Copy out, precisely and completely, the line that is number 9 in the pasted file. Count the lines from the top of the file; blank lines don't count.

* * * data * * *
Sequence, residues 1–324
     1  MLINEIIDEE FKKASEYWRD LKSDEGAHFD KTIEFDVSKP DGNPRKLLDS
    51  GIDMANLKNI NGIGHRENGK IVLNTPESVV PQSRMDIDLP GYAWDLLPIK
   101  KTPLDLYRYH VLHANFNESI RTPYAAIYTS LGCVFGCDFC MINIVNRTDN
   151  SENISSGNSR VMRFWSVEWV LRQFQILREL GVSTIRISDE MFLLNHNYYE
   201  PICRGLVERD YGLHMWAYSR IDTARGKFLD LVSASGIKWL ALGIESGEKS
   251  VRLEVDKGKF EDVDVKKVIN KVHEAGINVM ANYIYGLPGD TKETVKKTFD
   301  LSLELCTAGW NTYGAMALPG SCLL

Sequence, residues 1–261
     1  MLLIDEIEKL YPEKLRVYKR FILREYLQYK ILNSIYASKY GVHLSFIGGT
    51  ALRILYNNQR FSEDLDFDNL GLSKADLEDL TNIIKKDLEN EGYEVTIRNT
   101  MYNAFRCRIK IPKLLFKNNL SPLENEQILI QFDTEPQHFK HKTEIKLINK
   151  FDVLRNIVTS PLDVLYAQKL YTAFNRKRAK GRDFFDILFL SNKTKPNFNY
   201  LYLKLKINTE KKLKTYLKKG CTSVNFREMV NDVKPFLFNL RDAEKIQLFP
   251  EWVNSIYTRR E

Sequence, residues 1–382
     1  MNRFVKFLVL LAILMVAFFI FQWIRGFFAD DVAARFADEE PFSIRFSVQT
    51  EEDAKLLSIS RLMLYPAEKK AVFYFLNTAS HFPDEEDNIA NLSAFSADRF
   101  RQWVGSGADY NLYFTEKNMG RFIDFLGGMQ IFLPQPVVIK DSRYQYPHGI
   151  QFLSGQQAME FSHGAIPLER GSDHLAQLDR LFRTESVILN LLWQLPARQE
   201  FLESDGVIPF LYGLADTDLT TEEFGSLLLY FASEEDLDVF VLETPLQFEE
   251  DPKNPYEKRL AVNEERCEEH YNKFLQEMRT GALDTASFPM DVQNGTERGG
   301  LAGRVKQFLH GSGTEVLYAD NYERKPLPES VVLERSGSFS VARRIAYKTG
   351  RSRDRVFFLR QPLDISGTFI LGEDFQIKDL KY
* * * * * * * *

Sequence, residues 1–261